A couple of weeks ago, I had the pleasure of teaching a cooking class about meal planning. The day of the class I had an epiphany that meal planning is really about self esteem. Meal planning is about your relationship to time and how you view time is often a reflection of how you value yourself and others. I know you didn't expect an emotional deep dive around meal planning, and yet there it is. Meal planning will save you time. Your time is valuable because you are valuable. If you devote yourself to it, not only will it save you time, it will also help you improve your health.
It was a great group of ten women, who asked amazing questions, and who are committed to improving their overall health. They inspired me! It became obvious to me that they weren't meal planning because it wasn't clear to them that meal planning could be done with simple, delicious, and healthy recipes. Often, there are fears that healthy equals tastes bad, requires special ingredients, and must be made on equipment you would only find in a restaurant kitchen. Also, that recipes will take a lot of time, especially on weekdays when time can be most taxed.
I have good news! None of this has to be true. If you know me, then you know that I don't do precious in the kitchen, I will walk away from recipes with more than about six ingredients, and shake my fist at recipes that require me to use every pan in my house. That's ridiculous. I'm here to tell you that delicious, healthy, simple food can be yours on a regular basis.
To start, I am presenting you with my husband's enjoyable marinara sauce recipe that costs less than the jarred stuff, has no sugar (the jarred stuff usually does), and is simple to make. The recipe is written by Brian.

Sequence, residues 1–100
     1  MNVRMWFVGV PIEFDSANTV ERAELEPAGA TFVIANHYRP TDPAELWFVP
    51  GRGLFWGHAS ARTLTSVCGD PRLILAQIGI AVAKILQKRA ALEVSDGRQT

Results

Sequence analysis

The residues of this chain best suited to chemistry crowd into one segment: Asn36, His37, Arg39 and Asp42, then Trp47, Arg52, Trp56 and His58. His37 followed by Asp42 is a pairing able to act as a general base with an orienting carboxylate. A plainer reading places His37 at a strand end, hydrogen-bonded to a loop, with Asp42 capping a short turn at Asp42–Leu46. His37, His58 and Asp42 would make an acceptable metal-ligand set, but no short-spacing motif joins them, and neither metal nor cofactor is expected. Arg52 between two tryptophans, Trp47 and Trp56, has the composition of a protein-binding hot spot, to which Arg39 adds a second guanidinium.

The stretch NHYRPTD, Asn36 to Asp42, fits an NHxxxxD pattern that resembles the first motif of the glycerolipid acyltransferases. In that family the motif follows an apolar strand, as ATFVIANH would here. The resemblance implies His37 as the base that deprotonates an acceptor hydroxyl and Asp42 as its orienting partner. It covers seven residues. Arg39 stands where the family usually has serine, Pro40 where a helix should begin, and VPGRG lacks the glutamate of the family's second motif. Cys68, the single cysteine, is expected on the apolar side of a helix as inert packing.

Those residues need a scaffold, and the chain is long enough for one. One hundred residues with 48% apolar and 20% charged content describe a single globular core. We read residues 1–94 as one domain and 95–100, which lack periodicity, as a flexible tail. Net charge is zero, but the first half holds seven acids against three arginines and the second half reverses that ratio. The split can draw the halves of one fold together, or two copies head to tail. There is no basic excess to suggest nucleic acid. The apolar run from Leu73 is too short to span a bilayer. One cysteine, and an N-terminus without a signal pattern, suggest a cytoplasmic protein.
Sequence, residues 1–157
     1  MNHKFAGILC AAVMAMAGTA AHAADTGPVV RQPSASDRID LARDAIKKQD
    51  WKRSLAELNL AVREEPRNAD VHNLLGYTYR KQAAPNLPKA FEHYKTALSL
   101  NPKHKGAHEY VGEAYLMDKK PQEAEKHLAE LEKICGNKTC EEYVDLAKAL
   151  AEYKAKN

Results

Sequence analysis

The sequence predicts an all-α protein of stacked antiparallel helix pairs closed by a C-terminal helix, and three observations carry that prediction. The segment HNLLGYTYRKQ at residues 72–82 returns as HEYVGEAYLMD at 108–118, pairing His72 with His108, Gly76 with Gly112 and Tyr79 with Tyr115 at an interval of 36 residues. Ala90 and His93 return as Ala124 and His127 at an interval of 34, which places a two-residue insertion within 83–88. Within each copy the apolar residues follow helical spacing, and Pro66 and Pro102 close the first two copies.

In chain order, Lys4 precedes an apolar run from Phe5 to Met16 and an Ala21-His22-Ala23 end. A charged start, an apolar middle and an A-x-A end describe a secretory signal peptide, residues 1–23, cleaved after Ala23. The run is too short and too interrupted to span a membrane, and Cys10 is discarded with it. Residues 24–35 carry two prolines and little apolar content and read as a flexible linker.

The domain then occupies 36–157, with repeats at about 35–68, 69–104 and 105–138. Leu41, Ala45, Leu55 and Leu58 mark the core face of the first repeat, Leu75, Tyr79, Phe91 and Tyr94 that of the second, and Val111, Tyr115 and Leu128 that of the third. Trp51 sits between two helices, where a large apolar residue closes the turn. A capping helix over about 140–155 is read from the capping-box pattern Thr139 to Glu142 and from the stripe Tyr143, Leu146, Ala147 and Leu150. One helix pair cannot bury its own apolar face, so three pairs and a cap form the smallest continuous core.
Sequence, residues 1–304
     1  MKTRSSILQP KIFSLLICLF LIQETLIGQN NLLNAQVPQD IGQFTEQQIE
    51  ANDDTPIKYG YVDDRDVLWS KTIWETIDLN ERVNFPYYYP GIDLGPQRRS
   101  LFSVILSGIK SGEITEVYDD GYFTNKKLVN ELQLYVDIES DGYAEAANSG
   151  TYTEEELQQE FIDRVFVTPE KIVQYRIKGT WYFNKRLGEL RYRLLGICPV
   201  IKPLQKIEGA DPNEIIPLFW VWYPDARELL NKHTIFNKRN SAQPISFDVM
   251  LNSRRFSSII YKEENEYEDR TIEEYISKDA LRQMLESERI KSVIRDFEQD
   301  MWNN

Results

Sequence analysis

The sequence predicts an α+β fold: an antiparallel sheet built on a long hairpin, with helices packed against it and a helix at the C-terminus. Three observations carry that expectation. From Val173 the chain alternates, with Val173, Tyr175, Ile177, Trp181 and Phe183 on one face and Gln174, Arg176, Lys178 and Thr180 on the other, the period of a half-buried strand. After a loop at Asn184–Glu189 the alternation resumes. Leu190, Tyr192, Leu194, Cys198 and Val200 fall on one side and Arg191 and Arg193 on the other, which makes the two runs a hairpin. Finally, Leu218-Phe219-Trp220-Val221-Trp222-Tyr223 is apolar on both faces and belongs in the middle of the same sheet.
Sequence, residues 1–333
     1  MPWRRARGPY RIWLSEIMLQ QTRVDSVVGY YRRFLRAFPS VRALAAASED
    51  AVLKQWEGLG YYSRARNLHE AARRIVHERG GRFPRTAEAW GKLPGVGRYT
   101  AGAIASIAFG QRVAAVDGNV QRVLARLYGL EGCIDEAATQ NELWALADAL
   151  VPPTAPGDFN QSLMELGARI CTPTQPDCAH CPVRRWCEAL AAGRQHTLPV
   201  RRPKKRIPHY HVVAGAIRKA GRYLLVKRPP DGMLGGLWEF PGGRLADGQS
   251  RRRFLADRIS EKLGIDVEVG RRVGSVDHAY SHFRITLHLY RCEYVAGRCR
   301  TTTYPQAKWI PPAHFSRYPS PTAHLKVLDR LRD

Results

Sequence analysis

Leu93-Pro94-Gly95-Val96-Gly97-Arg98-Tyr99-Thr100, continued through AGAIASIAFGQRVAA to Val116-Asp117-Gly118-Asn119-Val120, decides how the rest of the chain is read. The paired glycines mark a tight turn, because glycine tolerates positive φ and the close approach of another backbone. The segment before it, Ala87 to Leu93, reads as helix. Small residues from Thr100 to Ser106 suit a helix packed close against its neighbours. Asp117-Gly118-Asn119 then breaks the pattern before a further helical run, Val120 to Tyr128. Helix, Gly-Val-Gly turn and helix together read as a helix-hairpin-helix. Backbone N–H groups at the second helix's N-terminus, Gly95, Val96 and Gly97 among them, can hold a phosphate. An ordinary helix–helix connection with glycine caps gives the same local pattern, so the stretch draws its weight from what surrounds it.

Brian's Marinara Sauce
- One 28-ounce can crushed San Marzano tomatoes
- Quite a lot of extra virgin olive oil. I just drizzle it around until it looks like enough, generally coating the entire top of the tomato sauce in our copper-bottom saucepan. 1/4 to 1/3 cup.
- Minced fresh garlic. Five or six big cloves, more if the cloves are smaller.
- Chopped fresh basil. I used about half the package from Trader Joes. It probably would have been at least a cup full after being chopped. Looking at it on the cutting board, it will look like too much, but the basil will wilt like spinach when added to the sauce.
- Dried red pepper flakes. I put in a few shakes, maybe 1/8 to 1/4 teaspoon.
- No salt, no pepper.
- Pour the can of crushed tomatoes into a saucepan and start heating it on low flame. Really, you need to use a low flame or the bottom will burn and stick to the pan.
- Pour in the olive oil and stir to emulsify. You might be tempted to use a whisk, but you need to resist that temptation and go for something like a wood spoon. With a whisk, the crushed tomato bits will get stuck in the whisk wires and then it'll be like stirring with the handle of a baseball bat, not very effective, and you'll have to get those tomato bits out of the whisk somehow, which will most likely result in them not being in the sauce where they belong. So just use a spoon. You need to stir slowly, or the oil will slosh out of the saucepan. It's going to take some time to get it all emulsified. Be patient.
- As the sauce continues to heat, mince your garlic and chop your basil and add it to the sauce as you go. Order and timing are not too important here. Also add red pepper flakes to taste.
- Once the sauce is at a consistent simmer, put a splatter guard over it and keep stirring occasionally until it has thickened to the consistency you like. You can make it ahead. Like many sauces and stews, it's better the second day.
Nutritional awesomeness: Crushed tomatoes have a low glycemic load and are a good source of Vitamins A and C. Fresh basil contains Vitamin K, which helps blood clot and builds strong bones. You can read more about Vitamin K here. Vitamin K is fat soluble so it's good there's olive oil in the sauce. Olive oil is a monounsaturated fatty acid that has been shown to help lower bad cholesterol. It contains polyphenols which are powerful antioxidants. Studies in Europe have concluded that olive oil consumption helps lower blood pressure. One Greek study with 36,000 participants concluded that there is an inverse relationship between eating olive oil and rates of cancer.